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Motivation

January 18, 2013 Leave a comment

I’ve been doing a lot of soul searching lately. There have been a lot of changes recently. Some for the better and some for the worse. While watching the video below, I nearly jumped out of my seat a few times because of the deja vu moments.

The two presenters are highly entertaining to watch. Although the title may be a little sensational, I still think the video promotes important messages. I’m sure a lot of people recognize the topics they discuss, but it’s still good to hear someone else talk about it openly. There are numerous topics in this video that resonate with me.

This is a 10 minute video about what motivates people. It’s an interesting video to watch, but I would take it with a grain of salt. There’s actually an entire book about this. The examples they use may or may not correlate to what happens in an actual work environment. While it may work for a subset of people, this certainly isn’t something that would work for everyone. However, I do agree with the three factors they discuss that lead to better performance and personal satisfaction:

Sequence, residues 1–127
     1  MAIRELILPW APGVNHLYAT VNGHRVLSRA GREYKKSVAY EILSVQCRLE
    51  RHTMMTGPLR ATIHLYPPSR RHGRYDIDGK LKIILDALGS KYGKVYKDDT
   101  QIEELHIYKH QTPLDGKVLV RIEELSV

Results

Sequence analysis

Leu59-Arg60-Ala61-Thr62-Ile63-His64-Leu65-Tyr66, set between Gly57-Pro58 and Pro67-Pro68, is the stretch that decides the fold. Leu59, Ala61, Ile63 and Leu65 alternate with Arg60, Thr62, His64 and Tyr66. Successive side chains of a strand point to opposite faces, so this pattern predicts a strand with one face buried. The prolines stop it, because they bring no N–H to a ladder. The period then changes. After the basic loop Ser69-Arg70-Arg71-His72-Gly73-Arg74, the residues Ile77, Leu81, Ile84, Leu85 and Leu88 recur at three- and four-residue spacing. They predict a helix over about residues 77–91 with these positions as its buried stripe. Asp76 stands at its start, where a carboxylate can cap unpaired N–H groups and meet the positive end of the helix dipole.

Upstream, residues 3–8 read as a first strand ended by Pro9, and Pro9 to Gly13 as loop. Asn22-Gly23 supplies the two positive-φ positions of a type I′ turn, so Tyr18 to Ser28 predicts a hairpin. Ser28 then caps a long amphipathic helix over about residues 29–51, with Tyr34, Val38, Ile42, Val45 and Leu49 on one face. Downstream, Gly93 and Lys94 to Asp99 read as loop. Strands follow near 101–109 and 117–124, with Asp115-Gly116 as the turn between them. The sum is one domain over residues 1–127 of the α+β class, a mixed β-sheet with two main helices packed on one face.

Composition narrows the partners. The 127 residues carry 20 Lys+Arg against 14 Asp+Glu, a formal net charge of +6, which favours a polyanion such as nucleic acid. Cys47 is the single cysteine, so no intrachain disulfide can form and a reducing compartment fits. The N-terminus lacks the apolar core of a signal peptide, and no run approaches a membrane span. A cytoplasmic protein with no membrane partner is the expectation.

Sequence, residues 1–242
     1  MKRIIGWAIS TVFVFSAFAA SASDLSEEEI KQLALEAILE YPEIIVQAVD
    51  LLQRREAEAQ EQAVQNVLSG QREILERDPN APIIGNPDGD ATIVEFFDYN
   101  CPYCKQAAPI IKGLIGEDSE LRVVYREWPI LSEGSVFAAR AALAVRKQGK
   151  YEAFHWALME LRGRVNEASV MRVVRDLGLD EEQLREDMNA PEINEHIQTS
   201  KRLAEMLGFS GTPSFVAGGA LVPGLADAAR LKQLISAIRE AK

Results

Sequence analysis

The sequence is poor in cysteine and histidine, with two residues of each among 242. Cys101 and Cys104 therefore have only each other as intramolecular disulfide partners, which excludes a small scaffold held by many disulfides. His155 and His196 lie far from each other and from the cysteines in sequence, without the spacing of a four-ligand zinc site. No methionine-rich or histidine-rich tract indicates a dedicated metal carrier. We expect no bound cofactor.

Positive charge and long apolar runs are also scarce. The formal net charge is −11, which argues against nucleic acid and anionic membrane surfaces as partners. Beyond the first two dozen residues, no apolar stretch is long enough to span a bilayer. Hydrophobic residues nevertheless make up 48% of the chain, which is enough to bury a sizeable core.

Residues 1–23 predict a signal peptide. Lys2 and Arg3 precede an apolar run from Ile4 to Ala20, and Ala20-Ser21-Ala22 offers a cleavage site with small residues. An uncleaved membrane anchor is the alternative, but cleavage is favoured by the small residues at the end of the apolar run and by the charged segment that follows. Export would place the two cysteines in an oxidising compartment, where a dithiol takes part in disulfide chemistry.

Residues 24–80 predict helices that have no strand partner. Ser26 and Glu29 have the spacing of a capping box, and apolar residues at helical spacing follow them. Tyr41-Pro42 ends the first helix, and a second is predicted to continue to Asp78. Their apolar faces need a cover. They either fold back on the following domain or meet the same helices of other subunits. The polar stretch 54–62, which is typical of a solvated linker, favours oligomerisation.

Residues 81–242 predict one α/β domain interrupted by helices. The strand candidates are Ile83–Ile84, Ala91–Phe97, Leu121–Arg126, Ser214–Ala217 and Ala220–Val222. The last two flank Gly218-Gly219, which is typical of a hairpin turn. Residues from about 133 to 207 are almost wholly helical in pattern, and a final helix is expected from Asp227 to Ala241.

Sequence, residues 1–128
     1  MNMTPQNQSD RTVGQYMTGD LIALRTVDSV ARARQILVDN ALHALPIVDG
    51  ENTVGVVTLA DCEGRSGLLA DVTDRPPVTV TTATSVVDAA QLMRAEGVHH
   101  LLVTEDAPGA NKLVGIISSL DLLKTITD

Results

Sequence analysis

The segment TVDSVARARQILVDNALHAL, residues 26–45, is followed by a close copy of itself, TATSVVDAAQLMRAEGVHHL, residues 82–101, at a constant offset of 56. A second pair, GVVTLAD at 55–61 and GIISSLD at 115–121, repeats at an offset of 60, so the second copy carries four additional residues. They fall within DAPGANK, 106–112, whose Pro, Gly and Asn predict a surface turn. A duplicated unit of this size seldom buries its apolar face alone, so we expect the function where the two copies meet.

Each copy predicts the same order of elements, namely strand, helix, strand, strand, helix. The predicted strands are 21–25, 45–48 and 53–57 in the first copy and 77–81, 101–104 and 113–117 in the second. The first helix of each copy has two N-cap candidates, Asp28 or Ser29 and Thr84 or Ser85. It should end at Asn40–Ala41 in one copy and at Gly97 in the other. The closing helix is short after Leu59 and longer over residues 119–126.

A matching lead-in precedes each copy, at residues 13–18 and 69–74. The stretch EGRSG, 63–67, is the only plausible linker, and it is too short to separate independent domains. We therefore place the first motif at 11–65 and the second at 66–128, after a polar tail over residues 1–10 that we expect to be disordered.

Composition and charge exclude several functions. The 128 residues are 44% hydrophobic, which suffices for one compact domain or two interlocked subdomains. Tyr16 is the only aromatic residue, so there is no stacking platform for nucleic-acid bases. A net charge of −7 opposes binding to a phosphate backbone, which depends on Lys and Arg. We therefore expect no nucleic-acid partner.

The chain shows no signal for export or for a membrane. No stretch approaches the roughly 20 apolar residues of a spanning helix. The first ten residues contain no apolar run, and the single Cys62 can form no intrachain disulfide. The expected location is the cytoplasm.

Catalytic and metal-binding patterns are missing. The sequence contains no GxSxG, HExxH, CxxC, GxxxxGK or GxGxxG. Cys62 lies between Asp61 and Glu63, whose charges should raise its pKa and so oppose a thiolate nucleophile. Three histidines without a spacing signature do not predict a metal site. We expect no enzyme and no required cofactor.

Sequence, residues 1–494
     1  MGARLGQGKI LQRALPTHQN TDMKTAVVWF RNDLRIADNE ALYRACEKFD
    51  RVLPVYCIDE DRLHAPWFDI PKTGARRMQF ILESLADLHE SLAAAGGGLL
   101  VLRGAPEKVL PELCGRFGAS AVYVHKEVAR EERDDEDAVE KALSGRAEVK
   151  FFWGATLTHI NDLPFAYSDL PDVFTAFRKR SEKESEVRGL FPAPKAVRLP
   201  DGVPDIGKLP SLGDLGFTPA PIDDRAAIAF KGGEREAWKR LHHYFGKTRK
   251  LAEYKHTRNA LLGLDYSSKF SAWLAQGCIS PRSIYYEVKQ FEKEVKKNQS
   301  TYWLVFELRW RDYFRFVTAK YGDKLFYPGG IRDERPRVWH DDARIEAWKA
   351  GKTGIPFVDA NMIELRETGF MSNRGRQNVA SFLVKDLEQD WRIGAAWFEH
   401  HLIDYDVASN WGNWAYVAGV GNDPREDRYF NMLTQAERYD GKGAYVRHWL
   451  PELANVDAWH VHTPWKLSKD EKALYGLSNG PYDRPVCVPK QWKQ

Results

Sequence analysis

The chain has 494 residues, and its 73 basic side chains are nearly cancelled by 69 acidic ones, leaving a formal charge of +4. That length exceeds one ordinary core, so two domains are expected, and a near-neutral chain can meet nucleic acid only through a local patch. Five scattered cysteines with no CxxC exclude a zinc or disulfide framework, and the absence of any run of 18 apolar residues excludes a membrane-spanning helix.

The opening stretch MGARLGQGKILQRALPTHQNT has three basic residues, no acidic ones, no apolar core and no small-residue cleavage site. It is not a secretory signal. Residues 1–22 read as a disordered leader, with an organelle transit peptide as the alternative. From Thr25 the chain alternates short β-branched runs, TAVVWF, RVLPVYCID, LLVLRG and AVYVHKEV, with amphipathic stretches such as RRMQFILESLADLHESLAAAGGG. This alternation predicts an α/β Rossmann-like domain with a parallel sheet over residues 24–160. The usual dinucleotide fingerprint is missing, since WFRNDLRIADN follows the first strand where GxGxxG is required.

• Autonomy
  • Mastery
  • Purpose

This last video is John Carmack’s keynote at QuakeCon 2011. John Carmack is a brilliant programmer and is an inspiration to me. Just listening to him talk motivates me to go try and build something great.

Managers

January 16, 2013 1 comment

I was speaking with my manager recently and the conversation derailed a bit. Somehow we ended up discussing what I consider a good manager. In the past five years, I’ve reported to seven different people, each possessing their own unique traits that I respect. There are articles all over the web that lists the ideal traits of a manager. Just to list a few:

  • Empower your team and don’t micromanage.
  • Communicate well and listen to your team.
  • Encourage professional development.
  • etc…

However, I consider two things of utmost importance above all else:

If a manager promises my team something, then backtracks without discussing it with us, I will forever look at that manager differently. There is nothing that will demotivate me faster than working for someone I can’t trust.